My boys each got handheld video games for Christmas, Cameron got the Nintendo DS and Tyler got a leapfrog. We knew that they’d like them but, as is the case with many children, they’ve become the subject of complete obsession. The first question in the morning is if they can play their games and it continues on until it’s the last question of the day.
If they had their way they’d be staring at those games through out the entire day.
My wife had the idea to get a large green piece of paper and make a chart for each of them. She filled the chart with all sorts of things from chores to bad behaviors and at the end of the day, we check to see what they did and didn’t do… for all the good things, they get a sticker, for the bad, they get an X.
An example of some of the chores would be putting dishes into the sink, tidying up their toys, making their beds… and some examples of the bad behaviors that made it onto the board are “no yelling”, “no hitting” and so forth. If at the end of the day, they didn’t fight, they get stickers. There are some good behaviors listed as well, of course, such as “playing nicely together” and “sharing”.
At the end of each day, we all gather at the chart and see what they did well and what they didn’t do or worse, got X’s on. The first day, Tyler cried when we asked him to turn off his game. Turning off their games without complaining is on the list. Well, for his outburst, he got an X.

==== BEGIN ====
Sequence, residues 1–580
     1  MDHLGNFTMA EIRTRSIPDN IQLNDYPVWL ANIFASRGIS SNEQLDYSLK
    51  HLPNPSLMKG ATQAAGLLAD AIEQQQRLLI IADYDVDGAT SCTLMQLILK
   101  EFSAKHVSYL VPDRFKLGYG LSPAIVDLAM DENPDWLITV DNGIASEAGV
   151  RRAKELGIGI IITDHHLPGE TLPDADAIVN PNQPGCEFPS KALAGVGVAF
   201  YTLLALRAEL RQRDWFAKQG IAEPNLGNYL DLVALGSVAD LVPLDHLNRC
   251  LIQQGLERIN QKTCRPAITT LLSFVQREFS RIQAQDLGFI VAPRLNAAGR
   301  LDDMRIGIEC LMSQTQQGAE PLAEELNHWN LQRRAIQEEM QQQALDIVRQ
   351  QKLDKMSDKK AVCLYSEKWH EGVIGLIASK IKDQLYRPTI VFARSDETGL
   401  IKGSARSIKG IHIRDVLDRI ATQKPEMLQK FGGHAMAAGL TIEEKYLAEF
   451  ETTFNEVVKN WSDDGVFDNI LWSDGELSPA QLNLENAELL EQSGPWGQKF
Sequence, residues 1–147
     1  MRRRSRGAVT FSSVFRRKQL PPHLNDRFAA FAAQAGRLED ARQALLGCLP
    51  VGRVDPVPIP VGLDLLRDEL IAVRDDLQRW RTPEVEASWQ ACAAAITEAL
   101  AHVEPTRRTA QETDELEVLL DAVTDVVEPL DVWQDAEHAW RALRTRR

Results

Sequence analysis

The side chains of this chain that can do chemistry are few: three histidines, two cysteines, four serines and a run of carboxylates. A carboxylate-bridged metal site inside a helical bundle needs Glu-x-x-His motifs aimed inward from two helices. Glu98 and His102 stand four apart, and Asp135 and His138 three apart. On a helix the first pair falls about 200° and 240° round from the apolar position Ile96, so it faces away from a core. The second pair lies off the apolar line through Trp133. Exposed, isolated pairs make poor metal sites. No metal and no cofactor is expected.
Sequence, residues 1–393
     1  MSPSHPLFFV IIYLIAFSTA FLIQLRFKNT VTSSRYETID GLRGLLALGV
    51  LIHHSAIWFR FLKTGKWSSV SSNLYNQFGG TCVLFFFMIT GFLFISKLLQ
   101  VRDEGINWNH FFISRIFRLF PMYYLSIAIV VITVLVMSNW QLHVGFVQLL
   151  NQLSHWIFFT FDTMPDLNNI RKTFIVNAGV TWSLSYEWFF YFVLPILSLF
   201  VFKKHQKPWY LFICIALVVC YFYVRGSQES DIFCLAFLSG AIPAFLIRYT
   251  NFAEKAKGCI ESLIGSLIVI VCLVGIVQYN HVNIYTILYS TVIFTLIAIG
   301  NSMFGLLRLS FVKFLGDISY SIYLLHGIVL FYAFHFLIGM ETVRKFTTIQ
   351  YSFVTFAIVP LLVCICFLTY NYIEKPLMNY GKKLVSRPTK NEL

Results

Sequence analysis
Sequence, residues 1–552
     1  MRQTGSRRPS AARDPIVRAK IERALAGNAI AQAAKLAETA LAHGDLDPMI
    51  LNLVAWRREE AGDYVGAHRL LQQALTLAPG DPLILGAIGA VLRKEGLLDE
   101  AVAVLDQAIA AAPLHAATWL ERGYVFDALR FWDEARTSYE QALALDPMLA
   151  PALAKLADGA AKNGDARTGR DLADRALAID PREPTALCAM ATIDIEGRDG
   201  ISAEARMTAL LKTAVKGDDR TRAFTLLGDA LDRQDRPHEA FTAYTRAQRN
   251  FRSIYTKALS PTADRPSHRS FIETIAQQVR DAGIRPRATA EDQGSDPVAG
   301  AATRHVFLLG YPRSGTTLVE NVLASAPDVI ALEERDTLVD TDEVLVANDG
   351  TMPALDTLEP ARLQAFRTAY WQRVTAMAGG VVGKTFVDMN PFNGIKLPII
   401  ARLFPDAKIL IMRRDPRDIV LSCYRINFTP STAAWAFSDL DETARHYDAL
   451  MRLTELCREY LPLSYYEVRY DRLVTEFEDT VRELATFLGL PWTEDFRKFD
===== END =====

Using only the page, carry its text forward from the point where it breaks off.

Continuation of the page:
Each day, when they ask to do something they like, such as playing their games, we review the chart for the day before. If they did well, then yes… they get some video game time. If they got X’s or missed a bunch of things, then they lose out on game time. That means they had better improve if they want to have game time the next day.
It’s an excellent lesson in cause and effect. I’m not sure this system will stay exactly as is but there’s no reason that this can’t continue on for many years… eventually moving on to dictating how much allowance they get when they’re older.
Hopefully, in time, it’ll sink in with them that their entire lives can be met with nice rewards if only they put in the effort in advance.
It’s definitely not a new system, I’m preaching to the choir by telling you all of this. I’m not trying to give you any new ideas, just let you know what we’re doing around the Duncan household these days. So far it’s been a huge success.
Oh, by the way, one thing I did want to mention though is that Cameron is 5.5 years old and Tyler is 3. Cameron has Autism, Tyler does not. This system can be started at any age really but I find that their ages right now are ideal.
It has especially been great for Cameron who so very desperately needs a good routine in his life. Not only does this give him a list of things to do each and every day but it encourages him to over come some of those basic Autism tendencies, such as hitting and meltdowns. When he begins to lose control, we remind him that he’ll get an X and lose out on game time tomorrow and it helps him to calm it back down.
The best part about it all, I think, is how proud they are each day of all the stickers they got for doing so well.